Sep 30, 2022

By Christine Ross

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Ceremonies are being held across the country to reflect on Canada’s history with Indigenous people.

Speaking at National Day of Truth and Reconciliation ceremony in Niagara Falls, Prime Minister Justin Trudeau retold the story of how the orange shirt came to symbolize the forced assimilation of Indigenous children in residential schools. He recounted how Phyllis Webstad was stripped of her clothes her first day of residential school at six years old.

“Her orange shirt was taken away from her, she asked for it back, but was denied, her joy was taken from her and so was a part of her home and the opportunity to express herself, it symbolized the pain of residential schools, the way Indigenous children were stripped of their culture, their language, their connections to their families.”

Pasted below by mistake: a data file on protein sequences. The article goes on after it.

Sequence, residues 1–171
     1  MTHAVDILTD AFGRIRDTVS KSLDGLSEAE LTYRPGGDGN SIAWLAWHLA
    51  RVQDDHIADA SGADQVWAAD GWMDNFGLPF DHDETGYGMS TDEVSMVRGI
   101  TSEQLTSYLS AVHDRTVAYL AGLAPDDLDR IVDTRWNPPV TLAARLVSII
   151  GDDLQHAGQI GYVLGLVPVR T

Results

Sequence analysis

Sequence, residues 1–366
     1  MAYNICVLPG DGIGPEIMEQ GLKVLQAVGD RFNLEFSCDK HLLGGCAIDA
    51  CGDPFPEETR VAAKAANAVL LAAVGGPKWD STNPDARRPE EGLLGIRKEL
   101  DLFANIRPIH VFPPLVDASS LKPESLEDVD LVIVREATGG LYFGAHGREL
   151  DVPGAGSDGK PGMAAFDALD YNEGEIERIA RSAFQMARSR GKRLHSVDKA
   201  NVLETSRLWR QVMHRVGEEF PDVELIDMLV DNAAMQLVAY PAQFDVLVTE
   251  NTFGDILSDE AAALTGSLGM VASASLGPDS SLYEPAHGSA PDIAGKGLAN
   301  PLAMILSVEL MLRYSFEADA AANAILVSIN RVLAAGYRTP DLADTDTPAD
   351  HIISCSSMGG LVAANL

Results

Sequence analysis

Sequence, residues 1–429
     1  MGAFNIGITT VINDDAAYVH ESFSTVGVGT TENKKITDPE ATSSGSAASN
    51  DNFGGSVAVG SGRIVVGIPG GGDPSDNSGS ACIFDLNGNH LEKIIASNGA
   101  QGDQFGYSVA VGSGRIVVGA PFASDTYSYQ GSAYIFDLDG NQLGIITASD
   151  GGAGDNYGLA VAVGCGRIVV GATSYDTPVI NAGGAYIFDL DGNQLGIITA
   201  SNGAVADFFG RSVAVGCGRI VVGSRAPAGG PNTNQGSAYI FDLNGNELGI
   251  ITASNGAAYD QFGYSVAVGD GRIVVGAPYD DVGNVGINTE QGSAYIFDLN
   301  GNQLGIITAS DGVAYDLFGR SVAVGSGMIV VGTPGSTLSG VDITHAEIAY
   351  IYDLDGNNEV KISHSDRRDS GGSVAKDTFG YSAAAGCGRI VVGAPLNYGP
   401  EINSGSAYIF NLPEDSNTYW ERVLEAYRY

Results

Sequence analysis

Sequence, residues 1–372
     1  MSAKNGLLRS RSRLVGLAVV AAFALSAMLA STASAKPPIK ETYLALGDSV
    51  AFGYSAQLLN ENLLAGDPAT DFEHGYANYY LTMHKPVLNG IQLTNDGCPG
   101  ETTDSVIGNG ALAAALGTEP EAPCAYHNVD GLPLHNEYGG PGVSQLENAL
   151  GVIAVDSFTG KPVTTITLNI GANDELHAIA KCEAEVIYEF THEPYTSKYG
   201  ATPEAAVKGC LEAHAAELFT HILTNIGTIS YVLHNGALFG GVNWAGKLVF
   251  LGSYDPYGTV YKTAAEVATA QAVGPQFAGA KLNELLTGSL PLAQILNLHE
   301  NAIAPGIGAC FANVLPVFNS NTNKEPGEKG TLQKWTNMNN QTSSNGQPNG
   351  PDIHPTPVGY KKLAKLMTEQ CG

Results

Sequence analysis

Phyllis, now 55, was in attendance while the Prime Minister spoke.

Phyllis Webstad

She didn’t wear orange clothing again until 2013 when she retold her story during a commemoration ceremony.

Governor General Mary Simon says September 30th is a day to celebrate the renewed relationship between Indigenous People and Canadians.

Simon — the first Indigenous person to hold the post — welcomed schoolchildren and their staff to Rideau Hall in Ottawa.

In Toronto, a crowd gathered at Nathan Phillips square for events, where a group performed traditional Indigenous songs and dances.

Premier Doug Ford unveiled a garden at Queen’s Park meant to recognize the continuing treaty relationship between the Crown and Indigenous Peoples.

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